by Mitch Kokai
Senior Political Analyst, John Locke Foundation
When the infrastructure spending in his stimulus bill didn’t work as planned, President Barack Obama famously remarked, “Shovel-ready was not as ‘shovel-ready’ as we expected.”
There is a lesson here for Congress. It can pass all the infrastructure spending it wants, but if federally funded projects get bogged down in lawsuits over environmental reviews, then the money will go to waste.
The Senate passed a resolution last week that would preserve part of President Donald Trump’s commonsense permitting reform. Sen. Joe Manchin (D-WV) crossed party lines to vote with Republicans. All other Democratic senators voted to keep President Joe Biden’s job-killing rollback of permitting regulation to what it was in Obama’s time.
“For years I’ve worked to fix our broken permitting system and I know the administration’s approach to permitting is dead wrong,” Manchin said. “Today’s vote to repeal these burdensome NEPA rules is a step in the right direction. But unfortunately this legislation is dead on arrival in the House of Representatives.”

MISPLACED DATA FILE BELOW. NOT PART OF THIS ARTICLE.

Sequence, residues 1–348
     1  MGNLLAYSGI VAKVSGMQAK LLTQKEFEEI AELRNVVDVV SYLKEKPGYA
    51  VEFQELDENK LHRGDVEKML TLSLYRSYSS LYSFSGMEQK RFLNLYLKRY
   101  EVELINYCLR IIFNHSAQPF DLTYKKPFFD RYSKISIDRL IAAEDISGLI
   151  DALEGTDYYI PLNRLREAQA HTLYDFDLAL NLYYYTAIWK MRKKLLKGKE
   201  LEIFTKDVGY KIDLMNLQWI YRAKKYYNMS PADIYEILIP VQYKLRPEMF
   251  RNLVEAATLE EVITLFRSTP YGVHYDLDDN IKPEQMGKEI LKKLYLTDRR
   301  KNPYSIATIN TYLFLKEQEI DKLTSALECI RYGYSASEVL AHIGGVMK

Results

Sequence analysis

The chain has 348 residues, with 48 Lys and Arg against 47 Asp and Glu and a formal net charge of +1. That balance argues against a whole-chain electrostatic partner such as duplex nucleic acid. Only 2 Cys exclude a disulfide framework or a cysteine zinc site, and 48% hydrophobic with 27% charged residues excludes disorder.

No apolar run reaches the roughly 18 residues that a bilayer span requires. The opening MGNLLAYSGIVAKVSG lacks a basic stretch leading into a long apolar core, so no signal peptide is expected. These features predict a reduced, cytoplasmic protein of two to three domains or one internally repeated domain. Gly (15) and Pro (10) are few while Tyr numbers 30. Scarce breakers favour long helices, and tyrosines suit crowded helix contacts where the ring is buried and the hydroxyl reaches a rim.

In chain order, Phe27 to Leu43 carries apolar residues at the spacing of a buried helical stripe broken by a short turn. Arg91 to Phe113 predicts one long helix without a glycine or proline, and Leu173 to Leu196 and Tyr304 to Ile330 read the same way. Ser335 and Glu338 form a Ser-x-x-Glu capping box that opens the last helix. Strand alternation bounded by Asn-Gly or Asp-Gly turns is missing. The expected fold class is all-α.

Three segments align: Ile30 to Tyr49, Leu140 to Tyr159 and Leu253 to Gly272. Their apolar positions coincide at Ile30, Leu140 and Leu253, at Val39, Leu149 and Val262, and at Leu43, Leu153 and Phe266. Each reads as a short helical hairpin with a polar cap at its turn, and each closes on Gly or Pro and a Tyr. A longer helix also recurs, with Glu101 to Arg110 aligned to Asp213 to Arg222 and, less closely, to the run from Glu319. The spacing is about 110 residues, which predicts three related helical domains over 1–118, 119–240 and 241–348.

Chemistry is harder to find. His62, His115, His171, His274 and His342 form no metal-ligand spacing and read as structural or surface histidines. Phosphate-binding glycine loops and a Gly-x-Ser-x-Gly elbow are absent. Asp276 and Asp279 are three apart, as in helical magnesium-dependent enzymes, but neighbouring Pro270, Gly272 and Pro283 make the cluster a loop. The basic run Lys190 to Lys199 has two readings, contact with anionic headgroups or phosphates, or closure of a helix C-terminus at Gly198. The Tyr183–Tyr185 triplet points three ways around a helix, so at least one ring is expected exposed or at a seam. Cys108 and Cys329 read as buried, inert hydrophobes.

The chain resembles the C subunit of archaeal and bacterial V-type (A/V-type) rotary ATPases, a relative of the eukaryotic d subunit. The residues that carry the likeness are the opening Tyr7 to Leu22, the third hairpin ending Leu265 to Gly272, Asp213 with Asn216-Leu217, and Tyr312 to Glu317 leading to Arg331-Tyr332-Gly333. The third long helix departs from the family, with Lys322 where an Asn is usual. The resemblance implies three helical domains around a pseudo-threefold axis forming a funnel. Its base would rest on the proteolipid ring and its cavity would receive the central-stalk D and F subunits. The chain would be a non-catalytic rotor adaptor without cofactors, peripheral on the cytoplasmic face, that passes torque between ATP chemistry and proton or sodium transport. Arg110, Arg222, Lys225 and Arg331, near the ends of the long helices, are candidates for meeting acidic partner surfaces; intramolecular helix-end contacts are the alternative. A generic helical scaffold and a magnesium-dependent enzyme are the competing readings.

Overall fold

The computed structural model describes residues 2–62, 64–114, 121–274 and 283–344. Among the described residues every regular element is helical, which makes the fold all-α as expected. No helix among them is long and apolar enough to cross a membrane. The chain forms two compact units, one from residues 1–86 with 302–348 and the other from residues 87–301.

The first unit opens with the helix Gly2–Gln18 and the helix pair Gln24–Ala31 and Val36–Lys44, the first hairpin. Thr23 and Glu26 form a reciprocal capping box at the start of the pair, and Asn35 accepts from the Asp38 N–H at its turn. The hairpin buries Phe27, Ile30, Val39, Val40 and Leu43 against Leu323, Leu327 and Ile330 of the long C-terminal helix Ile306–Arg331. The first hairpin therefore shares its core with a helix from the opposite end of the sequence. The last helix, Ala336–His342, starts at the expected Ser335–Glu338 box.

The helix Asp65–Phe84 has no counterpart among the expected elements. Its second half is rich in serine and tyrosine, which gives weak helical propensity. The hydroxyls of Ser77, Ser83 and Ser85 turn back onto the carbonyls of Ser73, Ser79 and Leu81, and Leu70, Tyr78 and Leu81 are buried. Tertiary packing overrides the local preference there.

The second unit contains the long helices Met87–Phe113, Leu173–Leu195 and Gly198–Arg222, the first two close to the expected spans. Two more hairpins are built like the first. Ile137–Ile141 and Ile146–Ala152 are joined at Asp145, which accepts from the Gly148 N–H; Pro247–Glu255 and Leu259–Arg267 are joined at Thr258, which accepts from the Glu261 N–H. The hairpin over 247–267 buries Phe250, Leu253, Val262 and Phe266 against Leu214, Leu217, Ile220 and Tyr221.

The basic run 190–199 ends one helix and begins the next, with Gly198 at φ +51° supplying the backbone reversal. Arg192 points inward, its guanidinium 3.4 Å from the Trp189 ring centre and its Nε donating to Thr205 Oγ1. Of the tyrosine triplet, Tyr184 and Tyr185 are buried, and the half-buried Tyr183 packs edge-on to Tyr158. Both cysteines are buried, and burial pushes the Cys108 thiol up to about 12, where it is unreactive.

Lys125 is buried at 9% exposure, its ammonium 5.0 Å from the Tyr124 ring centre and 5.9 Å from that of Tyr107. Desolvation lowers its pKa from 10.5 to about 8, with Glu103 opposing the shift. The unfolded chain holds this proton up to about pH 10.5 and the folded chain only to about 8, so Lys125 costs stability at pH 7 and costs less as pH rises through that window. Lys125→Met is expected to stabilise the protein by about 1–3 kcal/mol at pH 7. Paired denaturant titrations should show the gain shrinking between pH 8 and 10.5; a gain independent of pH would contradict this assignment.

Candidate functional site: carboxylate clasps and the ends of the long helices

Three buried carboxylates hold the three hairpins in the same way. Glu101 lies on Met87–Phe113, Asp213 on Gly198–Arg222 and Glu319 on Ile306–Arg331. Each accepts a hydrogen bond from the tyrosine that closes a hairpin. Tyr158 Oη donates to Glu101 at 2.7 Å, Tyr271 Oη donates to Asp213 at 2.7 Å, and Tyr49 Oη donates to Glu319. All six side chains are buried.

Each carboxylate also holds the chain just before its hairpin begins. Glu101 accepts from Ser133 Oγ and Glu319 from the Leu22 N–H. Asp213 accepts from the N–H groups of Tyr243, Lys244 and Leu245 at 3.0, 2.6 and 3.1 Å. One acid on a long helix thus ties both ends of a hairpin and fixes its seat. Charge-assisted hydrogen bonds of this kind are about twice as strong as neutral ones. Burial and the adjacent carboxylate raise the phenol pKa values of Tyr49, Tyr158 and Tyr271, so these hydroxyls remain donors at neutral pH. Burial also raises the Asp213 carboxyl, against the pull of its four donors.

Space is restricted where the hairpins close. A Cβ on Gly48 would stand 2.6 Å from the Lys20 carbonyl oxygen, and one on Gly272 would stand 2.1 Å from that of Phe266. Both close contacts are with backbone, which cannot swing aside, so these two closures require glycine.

When Manchin says “NEPA,” he is referring to the 1970 National Environmental Policy Act, which empowers environmental activists to go to federal court to stop any infrastructure project that receives a single dime of federal money. These lawsuits can take years, causing unnecessary delays and driving up the cost of infrastructure.
Every pipeline and transmission line built in the United States is vulnerable to NEPA delays. The cost of interstate highway construction, for example, has tripled since NEPA became law, making the U.S. one of the least efficient infrastructure investors in the entire world. The average environmental review required by NEPA now takes an average of four and a half years and runs thousands of pages long.
The Trump administration issued regulations reforming the NEPA process, including a two-year limit for all NEPA reviews. Biden undid these commonsense reforms last October.